skip to main content
OSTI.GOV title logo U.S. Department of Energy
Office of Scientific and Technical Information

Title: TU-FG-201-11: Evaluating the Validity of Prospective Risk Analysis Methods: A Comparison of Traditional FMEA and Modified Healthcare FMEA

Abstract

Purpose: To examine the ability of traditional Failure mode and effects analysis (FMEA) and a light version of Healthcare FMEA (HFMEA), called Scenario analysis of FMEA (SAFER) by comparing their outputs in terms of the risks identified and their severity rankings. Methods: We applied two prospective methods of the quality management to surface image guided, linac-based radiosurgery (SIG-RS). For the traditional FMEA, decisions on how to improve an operation are based on risk priority number (RPN). RPN is a product of three indices: occurrence, severity and detectability. The SAFER approach; utilized two indices-frequency and severity-which were defined by a multidisciplinary team. A criticality matrix was divided into 4 categories; very low, low, high and very high. For high risk events, an additional evaluation was performed. Based upon the criticality of the process, it was decided if additional safety measures were needed and what they comprise. Results: Two methods were independently compared to determine if the results and rated risks were matching or not. Our results showed an agreement of 67% between FMEA and SAFER approaches for the 15 riskiest SIG-specific failure modes. The main differences between the two approaches were the distribution of the values and the failure modes (No.52,more » 54, 154) that have high SAFER scores do not necessarily have high FMEA RPN scores. In our results, there were additional risks identified by both methods with little correspondence. In the SAFER, when the risk score is determined, the basis of the established decision tree or the failure mode should be more investigated. Conclusion: The FMEA method takes into account the probability that an error passes without being detected. SAFER is inductive because it requires the identification of the consequences from causes, and semi-quantitative since it allow the prioritization of risks and mitigation measures, and thus is perfectly applicable to clinical parts of radiotherapy.« less

Authors:
 [1]; ;  [2]
  1. Myongji Hospital, Goyang-si (Korea, Republic of)
  2. University of California, San Diego, La Jolla, CA (United States)
Publication Date:
OSTI Identifier:
22653992
Resource Type:
Journal Article
Resource Relation:
Journal Name: Medical Physics; Journal Volume: 43; Journal Issue: 6; Other Information: (c) 2016 American Association of Physicists in Medicine; Country of input: International Atomic Energy Agency (IAEA)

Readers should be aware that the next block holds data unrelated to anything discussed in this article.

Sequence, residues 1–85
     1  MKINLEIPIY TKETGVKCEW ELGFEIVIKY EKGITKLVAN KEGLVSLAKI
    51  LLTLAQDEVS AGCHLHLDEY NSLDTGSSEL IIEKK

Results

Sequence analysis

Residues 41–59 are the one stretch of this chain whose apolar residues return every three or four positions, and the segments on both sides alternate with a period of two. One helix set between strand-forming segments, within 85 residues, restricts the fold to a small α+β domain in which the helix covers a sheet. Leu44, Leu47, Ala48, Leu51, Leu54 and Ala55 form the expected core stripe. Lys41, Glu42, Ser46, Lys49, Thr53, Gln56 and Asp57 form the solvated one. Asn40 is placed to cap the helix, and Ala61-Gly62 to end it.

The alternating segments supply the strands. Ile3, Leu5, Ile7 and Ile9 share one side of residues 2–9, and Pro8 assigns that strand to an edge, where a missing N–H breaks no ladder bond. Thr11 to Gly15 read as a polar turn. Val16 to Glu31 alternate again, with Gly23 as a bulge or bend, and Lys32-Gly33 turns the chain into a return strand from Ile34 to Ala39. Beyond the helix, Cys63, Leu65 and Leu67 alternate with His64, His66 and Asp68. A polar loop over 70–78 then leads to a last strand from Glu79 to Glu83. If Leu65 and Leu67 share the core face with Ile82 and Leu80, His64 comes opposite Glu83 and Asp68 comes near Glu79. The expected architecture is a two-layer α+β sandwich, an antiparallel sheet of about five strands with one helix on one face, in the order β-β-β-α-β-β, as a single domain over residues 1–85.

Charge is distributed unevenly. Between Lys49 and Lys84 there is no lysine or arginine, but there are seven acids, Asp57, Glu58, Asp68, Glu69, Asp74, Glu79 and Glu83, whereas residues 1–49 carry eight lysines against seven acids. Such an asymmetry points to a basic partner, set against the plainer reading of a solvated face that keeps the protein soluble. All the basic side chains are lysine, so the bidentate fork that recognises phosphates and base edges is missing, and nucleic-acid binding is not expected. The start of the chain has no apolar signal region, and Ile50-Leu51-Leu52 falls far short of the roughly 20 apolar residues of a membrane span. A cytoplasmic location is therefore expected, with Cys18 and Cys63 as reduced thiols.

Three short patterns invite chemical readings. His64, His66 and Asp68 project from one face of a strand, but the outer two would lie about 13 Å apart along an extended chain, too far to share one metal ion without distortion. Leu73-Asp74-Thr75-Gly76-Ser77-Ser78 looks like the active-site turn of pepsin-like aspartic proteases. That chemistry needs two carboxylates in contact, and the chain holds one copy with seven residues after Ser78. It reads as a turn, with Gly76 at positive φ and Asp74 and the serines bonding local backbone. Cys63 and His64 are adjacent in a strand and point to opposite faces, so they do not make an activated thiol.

Country of Publication:
United States
Language:
English
Subject:
60 APPLIED LIFE SCIENCES; 61 RADIATION PROTECTION AND DOSIMETRY; HAZARDS; LINEAR ACCELERATORS; RISK ASSESSMENT; VISIBLE RADIATION

Citation Formats

Lah, J, Manger, R, and Kim, G. TU-FG-201-11: Evaluating the Validity of Prospective Risk Analysis Methods: A Comparison of Traditional FMEA and Modified Healthcare FMEA. United States: N. p., 2016. Web. doi:10.1118/1.4957534.
Lah, J, Manger, R, & Kim, G. TU-FG-201-11: Evaluating the Validity of Prospective Risk Analysis Methods: A Comparison of Traditional FMEA and Modified Healthcare FMEA. United States. doi:10.1118/1.4957534.
Lah, J, Manger, R, and Kim, G. Wed . "TU-FG-201-11: Evaluating the Validity of Prospective Risk Analysis Methods: A Comparison of Traditional FMEA and Modified Healthcare FMEA". United States. doi:10.1118/1.4957534.
@article{osti_22653992,
title = {TU-FG-201-11: Evaluating the Validity of Prospective Risk Analysis Methods: A Comparison of Traditional FMEA and Modified Healthcare FMEA},
author = {Lah, J and Manger, R and Kim, G},
abstractNote = {Purpose: To examine the ability of traditional Failure mode and effects analysis (FMEA) and a light version of Healthcare FMEA (HFMEA), called Scenario analysis of FMEA (SAFER) by comparing their outputs in terms of the risks identified and their severity rankings. Methods: We applied two prospective methods of the quality management to surface image guided, linac-based radiosurgery (SIG-RS). For the traditional FMEA, decisions on how to improve an operation are based on risk priority number (RPN). RPN is a product of three indices: occurrence, severity and detectability. The SAFER approach; utilized two indices-frequency and severity-which were defined by a multidisciplinary team. A criticality matrix was divided into 4 categories; very low, low, high and very high. For high risk events, an additional evaluation was performed. Based upon the criticality of the process, it was decided if additional safety measures were needed and what they comprise. Results: Two methods were independently compared to determine if the results and rated risks were matching or not. Our results showed an agreement of 67% between FMEA and SAFER approaches for the 15 riskiest SIG-specific failure modes. The main differences between the two approaches were the distribution of the values and the failure modes (No.52, 54, 154) that have high SAFER scores do not necessarily have high FMEA RPN scores. In our results, there were additional risks identified by both methods with little correspondence. In the SAFER, when the risk score is determined, the basis of the established decision tree or the failure mode should be more investigated. Conclusion: The FMEA method takes into account the probability that an error passes without being detected. SAFER is inductive because it requires the identification of the consequences from causes, and semi-quantitative since it allow the prioritization of risks and mitigation measures, and thus is perfectly applicable to clinical parts of radiotherapy.},
doi = {10.1118/1.4957534},
journal = {Medical Physics},
number = 6,
volume = 43,
place = {United States},
year = {Wed Jun 15 00:00:00 EDT 2016},
month = {Wed Jun 15 00:00:00 EDT 2016}
}